The Defensive Worker: Big Data Could Squash Innovation

British Airways offers two flights a day from London City Airport to Kennedy International Airport in New York. The planes, two Airbus A318s, contain just 32 seats—all business class. From Westminster (roughly central London) it takes less than 35 minutes to get to London City Airport, the closest of the five airports that service London. With so few passengers, the BA flight boards in a few minutes—ideal for travelers who commute between New York and London.

Yet secretaries and corporate travel agents—business class tickets are rarely purchased by the traveler—typically book flights out of Heathrow or Gatwick. The reason is an example of “defensive decision making.” If something goes wrong at Heathrow or Gatwick—the busiest of the five London airports—it’s the fault of the airlines or the airport. Not so at London City Airport. By selecting the unusual option, secretaries and corporate travel agents risk getting blamed for a delay, so they simply stick with the status quo.

A few months ago, Rory Sutherland, the vice-chairman of Ogilvy Group UK, spoke to Brighton Business School about defensive decision making, citing flights out of London City Airport as an example. We opt for the safe and justifiable option, especially at work, to protect ourselves if something goes wrong, even when a superior option is available. Just as legal ramifications influence the decisions of doctors, people in business make decisions that may not benefit the company but guarantee that they won’t get into trouble.

Like Sutherland, I worry that the rise of big data could worsen the problem of defensive decision making. Viktor Mayer-Schonberger and Kenneth Cukier, co-authors of Big Data: A Revolution That Will Transform How We Live, Work, and Think, expound the ways big data is improving business. In the media, data determines the content on popular sites like Huffington Post and Buzzfeed; compared to writers and editors, it’s is more effective in terms of racking up pageviews. uses data to predict the income of movies by considering budget, genre, cast and crew. It’s a valuable resource for big blockbusters than run the risk of losing millions. (Remember John Carter and The Lone Ranger?)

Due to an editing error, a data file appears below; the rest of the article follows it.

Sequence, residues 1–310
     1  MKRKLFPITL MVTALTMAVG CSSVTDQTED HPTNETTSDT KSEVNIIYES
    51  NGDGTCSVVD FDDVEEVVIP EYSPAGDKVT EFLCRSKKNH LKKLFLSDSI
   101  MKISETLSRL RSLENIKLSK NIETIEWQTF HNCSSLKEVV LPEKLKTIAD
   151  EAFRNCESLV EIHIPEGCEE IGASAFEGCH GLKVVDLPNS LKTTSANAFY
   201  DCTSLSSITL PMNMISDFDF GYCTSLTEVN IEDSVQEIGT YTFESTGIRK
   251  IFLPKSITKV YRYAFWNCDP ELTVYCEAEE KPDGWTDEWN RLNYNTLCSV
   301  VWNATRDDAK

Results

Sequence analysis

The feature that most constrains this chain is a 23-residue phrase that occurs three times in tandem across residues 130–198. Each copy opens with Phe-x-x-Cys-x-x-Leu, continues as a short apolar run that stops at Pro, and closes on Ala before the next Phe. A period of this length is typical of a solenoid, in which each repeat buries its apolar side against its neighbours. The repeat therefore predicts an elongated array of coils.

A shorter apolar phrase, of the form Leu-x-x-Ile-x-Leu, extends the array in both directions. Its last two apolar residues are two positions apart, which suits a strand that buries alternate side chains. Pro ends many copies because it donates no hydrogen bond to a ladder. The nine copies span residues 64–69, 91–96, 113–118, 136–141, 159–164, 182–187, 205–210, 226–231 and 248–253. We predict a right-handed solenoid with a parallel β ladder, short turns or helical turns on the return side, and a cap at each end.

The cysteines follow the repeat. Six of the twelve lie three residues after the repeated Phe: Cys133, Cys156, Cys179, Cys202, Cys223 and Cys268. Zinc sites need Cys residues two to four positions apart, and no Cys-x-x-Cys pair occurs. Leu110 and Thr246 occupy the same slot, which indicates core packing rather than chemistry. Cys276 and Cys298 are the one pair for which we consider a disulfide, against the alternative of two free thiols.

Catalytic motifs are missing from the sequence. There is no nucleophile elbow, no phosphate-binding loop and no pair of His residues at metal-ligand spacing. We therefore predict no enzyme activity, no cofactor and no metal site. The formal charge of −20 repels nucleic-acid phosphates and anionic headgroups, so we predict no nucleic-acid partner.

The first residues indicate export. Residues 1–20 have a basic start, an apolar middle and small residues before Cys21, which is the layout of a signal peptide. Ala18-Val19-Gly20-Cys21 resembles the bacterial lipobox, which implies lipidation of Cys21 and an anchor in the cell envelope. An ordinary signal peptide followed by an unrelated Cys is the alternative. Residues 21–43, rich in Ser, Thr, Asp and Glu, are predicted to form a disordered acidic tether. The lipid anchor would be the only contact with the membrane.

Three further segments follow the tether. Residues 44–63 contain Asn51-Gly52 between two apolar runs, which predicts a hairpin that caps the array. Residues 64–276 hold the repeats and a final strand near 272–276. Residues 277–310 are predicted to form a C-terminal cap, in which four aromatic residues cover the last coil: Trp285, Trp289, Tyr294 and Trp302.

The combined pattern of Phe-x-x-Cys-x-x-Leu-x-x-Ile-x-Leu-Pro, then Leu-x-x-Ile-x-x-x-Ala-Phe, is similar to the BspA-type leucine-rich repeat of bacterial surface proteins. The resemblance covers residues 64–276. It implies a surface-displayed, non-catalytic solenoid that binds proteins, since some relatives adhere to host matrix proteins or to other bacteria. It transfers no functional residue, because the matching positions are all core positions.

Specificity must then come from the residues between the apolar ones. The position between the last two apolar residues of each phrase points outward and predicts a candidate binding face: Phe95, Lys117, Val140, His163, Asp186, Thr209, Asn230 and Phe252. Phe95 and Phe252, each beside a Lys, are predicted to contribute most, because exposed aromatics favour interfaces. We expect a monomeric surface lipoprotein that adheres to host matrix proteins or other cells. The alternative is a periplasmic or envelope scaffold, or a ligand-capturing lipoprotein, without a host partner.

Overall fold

No doubt, big data is an exciting new genre of economic output. But innovation emerges from what data does not reveal—from what people don’t talk about. Henry Ford famously quipped that customers would have demanded faster horses. Big data, if it existed at the beginning of the 20th century, would have never recommended cars. That took the human mind. Imagine executives, middle managers, or data scientists deciding between what the data says and advocating a potentially innovative position that the data does not support. With your job on the line, which would you pick?

Defensive decision making is costly, which makes this question all the more pressing. In one study, decision making researcher Gerd Gigerenzer asked 36 executives how often they picked the second-best option to protect themselves, instead of advocating for what they believed was best. A dozen managers admitted a few defensive decisions, and a third said half of their decisions were defensive. As Gigerenzer writes in his new book Risky Savvy, “defensive decisions are not a sign of strong leadership and positive error culture”—essential traits of a healthy business.

“In a world of big data, it is our most human traits that will need to be fostered—our creativity, intuition, and intellectual ambition—since our ingenuity is the source of our progress,” Mayer-Schonberger and Cukier conclude. This paradox puts leaders in a difficult position. Do I go with the innovative idea that’s impossible to justify? Or do I make a safe bet and go with the data? The future of a company might depend how its leaders approach this question. 

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